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The docs at say (with some excerpts):

5.3.3. Slicings

A slicing selects a range of items in a sequence object (e.g., a string, tuple or list).

slicing          ::=  simple_slicing | extended_slicing
simple_slicing   ::=  primary "[" short_slice "]"
extended_slicing ::=  primary "[" slice_list "]"
slice_list       ::=  slice_item ("," slice_item)* [","]
slice_item       ::=  expression | proper_slice | ellipsis
proper_slice     ::=  short_slice | long_slice
short_slice      ::=  [lower_bound] ":" [upper_bound]
long_slice       ::=  short_slice ":" [stride]
lower_bound      ::=  expression
upper_bound      ::=  expression
stride           ::=  expression
ellipsis         ::=  "..."

The semantics for a simple slicing are as follows. The primary must evaluate to a sequence object...

The semantics for an extended slicing are as follows. The primary must evaluate to a mapping object, ...

The question:

To support [1,2,3][a:b:c] notation the language reference requires lists to be mapping objects (the stride is there only with "extended slicing", which is for mapping objects). So, is the language reference broken (may be they just forgot to update it upon introduction of What's New in Python2.3: Extended Slices ?)?

Also, slicing is obviously not only for sequence objects (see the first phrase above).

Or is it just me? ;)


Interestingly, Python 3 docs at say:

A slicing selects a range of items in a sequence object (e.g., a string, tuple or list)...

["unified" slicing definition, not differentiating between "exteneded" and "simple" here]

The semantics for a slicing are as follows. The primary must evaluate to a mapping object, ...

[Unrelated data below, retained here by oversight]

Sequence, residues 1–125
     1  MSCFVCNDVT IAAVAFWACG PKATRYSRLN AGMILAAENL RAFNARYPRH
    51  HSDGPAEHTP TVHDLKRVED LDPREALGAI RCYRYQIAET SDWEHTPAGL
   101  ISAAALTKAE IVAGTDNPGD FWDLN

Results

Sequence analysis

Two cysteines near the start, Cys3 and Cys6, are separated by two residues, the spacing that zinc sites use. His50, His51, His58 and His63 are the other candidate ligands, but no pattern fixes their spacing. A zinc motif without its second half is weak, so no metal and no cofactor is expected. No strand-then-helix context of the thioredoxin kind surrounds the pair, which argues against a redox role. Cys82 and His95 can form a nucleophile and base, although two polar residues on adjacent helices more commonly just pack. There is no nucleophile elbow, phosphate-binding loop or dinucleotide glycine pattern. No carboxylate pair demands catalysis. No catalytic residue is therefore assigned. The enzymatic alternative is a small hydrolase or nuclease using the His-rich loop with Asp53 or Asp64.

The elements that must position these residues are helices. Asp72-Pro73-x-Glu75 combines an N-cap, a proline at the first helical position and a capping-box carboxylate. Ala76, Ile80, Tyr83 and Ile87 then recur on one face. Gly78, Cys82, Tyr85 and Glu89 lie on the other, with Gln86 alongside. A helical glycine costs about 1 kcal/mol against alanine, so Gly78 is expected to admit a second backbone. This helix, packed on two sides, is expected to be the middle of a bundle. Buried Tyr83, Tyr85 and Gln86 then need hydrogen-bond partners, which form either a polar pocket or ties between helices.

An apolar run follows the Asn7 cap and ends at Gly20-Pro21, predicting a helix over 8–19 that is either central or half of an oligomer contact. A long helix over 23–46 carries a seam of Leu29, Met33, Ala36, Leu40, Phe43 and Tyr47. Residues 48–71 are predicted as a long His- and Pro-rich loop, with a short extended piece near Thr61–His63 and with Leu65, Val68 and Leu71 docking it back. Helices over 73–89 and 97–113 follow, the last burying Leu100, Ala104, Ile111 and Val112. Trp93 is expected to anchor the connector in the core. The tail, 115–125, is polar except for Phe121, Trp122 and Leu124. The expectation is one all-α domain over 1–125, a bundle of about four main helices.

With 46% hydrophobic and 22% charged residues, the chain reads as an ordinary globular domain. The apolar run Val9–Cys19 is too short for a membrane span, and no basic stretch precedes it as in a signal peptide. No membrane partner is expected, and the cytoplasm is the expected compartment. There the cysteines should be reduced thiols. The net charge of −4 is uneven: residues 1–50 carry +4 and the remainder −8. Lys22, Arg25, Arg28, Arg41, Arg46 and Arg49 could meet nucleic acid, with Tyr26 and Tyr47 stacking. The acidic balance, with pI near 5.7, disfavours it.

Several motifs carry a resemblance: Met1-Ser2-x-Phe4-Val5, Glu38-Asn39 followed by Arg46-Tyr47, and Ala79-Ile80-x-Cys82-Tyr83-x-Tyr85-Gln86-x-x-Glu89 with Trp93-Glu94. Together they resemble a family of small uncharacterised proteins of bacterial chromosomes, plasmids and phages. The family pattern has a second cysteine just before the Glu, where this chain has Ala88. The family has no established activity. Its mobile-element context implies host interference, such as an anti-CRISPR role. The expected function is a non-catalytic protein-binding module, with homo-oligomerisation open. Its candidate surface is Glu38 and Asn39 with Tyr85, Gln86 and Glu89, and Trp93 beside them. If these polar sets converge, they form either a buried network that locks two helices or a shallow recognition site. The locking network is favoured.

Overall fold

share|improve this question
Is it just me, or can I not understand you at all? Can you please clarify? – Pwnna May 31 '11 at 18:22
@ultimatebuster Or both of us.. :) Lists are not mapping objects, if I get it right, but stride is used only with exteneded slicing, which, in turn, requires mapping objects. – mlvljr May 31 '11 at 18:26
I've actually never heard of the term "stride". From what I make out in 3 minutes, it's the steps? Like list[start:stop:stride]? – Pwnna May 31 '11 at 18:28
In other words, what are you trying to do? xD – Pwnna May 31 '11 at 18:29
@mlvljr, agree with you that the language ref is not strictly correct – yorua007 Sep 20 '13 at 7:59

What's New and the langref are, unfortunately, using two different definitions of "extended slicing". Both documents are correct for their respective definitions.

share|improve this answer
Ok, but how the langref is correct on strides--as-parts-of--extened-slices--which-are-only-for-mapping-objects still? – mlvljr May 31 '11 at 18:27
It's not. The langref is talking about using tuples as slices, e.g. foo['bar', 42]. – Ignacio Vazquez-Abrams May 31 '11 at 18:28
So, [][0:1:2], does not fit into the langref's definitions, right? – mlvljr May 31 '11 at 18:30
I misread. "Extended slicing" in the langref covers both tuples and stride. – Ignacio Vazquez-Abrams May 31 '11 at 18:40
Seems like I've got not enough rep to link relevant questions, could it be possible that you link these to here:…,… ? – mlvljr May 31 '11 at 21:26

The language about a mapping is broken; it should say 'sequence or mapping' in all cases to match the behaviour of the interpreter. Both protocols can accept slice objects, and the interpreter will do the conversion in all cases. However, for the built-in types, only the sequences actually support it:

 >>> a = {'a': 1, 'c': 2}
 >>> a['a':'b']
 Traceback (most recent call last):
   File "<pyshell#32>", line 1, in <module>
 TypeError: unhashable type: 'slice'

Note that this is the dictionary complaining that a slice isn't a valid key, not the interpreter complaining that you can't do a slice on a mapping. Which makes sense - dictionaries have no implied ordering of their keys, and so it is unclear what a slice should mean.

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